3.  In the Responsorial Psalm, we also hear similar words as we heard in the first reading: “The Lord has done great deeds for us, we are glad indeed” (Psalm 126:3).  What are some of the “great things” the Lord has done for you? What can you do during the day to fill it with more joy?
  4. In the Second Reading, St. Paul told the Philippians that he considered everything a loss compared to knowing – that is experiencing – the touch of Christ in his life.  He also said he considered everything as rubbish, so that he may “gain Christ and be found in him.” Why do you think Paul was able to say these things? Are you able to say the same thing based on your own experience of Jesus Christ? Why or why not?
  5. St. Paul goes on to say that while he may not have eternal life yet, nevertheless, he has been taken possession of by Christ. In addition, he tells us that he continues his “pursuit toward the goal, the prize of God’s upward calling in Christ Jesus.”  What can you do to allow Christ to take greater ownership of your life, so you can continue your “pursuit” toward your heavenly “goal”?
  6. In the familiar Gospel, Jesus offers love and forgiveness in contrast to those who seek only “justice” and the letter of the “law.”  In what ways is your attitude one of wanting mercy from God for yourself, but “justice” for others, especially those who may have hurt you in some way?  Are you the first to cast the stone?  How can you make love and mercy for others a hallmark of your life?
  7. The Gospel passage ends with these words to the woman caught in adultery: “Neither do I condemn you. Go, and from now on do not sin any more.” How do these words of Jesus apply to your life as well?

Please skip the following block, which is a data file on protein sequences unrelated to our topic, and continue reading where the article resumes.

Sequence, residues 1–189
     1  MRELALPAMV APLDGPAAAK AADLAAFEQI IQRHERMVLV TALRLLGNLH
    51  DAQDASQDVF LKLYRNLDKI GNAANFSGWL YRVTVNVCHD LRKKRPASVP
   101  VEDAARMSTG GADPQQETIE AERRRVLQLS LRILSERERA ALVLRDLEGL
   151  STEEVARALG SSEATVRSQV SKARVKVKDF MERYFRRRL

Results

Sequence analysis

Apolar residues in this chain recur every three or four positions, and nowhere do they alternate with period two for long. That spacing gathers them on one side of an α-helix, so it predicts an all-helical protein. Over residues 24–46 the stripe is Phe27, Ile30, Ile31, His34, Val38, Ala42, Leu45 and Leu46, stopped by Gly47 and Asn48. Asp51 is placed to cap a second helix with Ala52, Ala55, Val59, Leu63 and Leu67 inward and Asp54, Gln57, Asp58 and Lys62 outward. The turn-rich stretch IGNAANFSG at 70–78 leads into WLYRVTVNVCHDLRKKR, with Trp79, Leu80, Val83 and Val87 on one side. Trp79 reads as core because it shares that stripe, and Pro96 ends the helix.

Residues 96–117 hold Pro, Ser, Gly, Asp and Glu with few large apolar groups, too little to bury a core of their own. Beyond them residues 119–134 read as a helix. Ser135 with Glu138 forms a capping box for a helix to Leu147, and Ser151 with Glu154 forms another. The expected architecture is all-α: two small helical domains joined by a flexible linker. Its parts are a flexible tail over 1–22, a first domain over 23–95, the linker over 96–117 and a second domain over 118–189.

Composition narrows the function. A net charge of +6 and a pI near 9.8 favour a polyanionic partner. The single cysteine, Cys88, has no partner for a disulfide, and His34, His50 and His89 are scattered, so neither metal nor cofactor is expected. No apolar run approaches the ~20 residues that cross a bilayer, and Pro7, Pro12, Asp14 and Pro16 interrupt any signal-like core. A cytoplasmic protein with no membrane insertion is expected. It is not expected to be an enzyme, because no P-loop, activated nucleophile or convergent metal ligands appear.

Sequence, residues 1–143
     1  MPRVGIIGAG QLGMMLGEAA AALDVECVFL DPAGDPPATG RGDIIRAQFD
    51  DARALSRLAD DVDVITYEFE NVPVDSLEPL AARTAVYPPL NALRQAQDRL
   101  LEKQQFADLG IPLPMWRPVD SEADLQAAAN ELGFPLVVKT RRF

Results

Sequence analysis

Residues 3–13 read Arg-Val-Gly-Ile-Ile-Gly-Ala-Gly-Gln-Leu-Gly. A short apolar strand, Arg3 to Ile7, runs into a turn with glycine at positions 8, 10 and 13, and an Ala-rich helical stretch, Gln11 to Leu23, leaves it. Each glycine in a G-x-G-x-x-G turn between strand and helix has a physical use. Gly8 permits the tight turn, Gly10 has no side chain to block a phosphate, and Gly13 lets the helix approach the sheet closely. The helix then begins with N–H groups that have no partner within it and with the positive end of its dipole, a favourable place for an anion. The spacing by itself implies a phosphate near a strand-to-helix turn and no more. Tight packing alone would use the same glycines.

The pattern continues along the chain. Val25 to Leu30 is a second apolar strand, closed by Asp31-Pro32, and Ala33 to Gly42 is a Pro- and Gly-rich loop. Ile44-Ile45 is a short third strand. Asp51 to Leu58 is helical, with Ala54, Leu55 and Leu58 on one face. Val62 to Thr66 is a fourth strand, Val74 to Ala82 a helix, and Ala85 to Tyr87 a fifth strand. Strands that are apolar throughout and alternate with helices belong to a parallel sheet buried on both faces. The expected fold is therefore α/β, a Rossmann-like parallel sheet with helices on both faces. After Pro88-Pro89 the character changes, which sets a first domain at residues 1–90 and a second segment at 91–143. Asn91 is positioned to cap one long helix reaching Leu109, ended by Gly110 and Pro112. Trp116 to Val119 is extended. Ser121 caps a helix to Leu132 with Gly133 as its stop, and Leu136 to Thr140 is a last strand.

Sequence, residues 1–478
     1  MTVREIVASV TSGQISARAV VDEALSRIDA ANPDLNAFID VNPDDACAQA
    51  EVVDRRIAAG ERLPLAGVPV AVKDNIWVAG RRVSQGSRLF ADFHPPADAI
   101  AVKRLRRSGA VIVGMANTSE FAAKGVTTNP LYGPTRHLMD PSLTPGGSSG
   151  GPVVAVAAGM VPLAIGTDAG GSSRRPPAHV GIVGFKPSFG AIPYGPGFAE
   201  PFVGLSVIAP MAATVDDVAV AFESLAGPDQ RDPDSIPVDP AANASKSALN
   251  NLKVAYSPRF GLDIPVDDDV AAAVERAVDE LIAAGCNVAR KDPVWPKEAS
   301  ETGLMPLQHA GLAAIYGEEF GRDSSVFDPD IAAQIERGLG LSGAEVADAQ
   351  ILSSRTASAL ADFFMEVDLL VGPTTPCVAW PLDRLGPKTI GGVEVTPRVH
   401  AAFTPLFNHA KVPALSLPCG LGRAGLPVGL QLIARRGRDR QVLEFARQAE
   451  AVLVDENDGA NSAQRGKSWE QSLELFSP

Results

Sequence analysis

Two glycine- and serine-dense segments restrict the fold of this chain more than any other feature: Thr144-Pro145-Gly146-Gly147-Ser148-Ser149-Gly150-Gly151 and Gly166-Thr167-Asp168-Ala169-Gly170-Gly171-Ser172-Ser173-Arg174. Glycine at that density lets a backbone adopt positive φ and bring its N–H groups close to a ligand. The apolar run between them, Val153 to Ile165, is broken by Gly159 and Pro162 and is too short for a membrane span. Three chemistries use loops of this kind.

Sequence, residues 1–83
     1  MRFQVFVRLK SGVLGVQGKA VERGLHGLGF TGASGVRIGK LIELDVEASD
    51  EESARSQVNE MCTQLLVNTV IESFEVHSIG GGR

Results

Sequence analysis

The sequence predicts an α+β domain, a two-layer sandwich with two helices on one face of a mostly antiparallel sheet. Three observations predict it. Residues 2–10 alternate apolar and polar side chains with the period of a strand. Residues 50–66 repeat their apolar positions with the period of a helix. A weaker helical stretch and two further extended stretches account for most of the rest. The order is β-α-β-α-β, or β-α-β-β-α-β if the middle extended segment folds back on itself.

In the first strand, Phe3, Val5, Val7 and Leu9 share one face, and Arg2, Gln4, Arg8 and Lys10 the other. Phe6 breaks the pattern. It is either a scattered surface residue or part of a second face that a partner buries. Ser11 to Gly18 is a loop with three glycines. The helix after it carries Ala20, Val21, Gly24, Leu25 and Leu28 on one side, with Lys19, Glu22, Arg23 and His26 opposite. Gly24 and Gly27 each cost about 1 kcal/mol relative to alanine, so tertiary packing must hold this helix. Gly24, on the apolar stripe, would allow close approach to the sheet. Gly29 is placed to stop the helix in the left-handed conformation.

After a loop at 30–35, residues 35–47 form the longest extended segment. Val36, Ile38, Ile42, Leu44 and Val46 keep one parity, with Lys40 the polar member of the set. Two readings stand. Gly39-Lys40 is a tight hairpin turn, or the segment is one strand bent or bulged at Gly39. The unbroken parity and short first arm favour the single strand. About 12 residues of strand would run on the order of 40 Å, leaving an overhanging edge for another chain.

8. The meditation concludes with these words: “Do you want to know increasing freedom from sin? Then hand all your sins over to Jesus. Let him release you from the burden of guilt, and he will make you into a new creation.” What do these words mean to you? What steps can you take, as we move toward the end of the Lenten season, to make these words a greater reality in your life?
  9. Take some time now to pray and ask Jesus for the grace to receive more deeply his mercy, forgiveness, and love. Use the prayer at the end of the meditation as a starting point.

These reflection questions are provided courtesy of The Word Among Us.


  • March 11th: Thank you again Mr. Blumberg for your beautiful and profound meditations. When I read “See, I am doing something new”….I almost turned around to see where it would happen and then realized it would take place within. It is also taking place without as much that is good and beautiful and true is happening now … I sense we are standing before widening horizons of hope as we await the election of a new Pope… each of us is being called to take our place and stand with him in this time of new evangelization…your meditations feed my soul Mr. Blumberg. Thank you.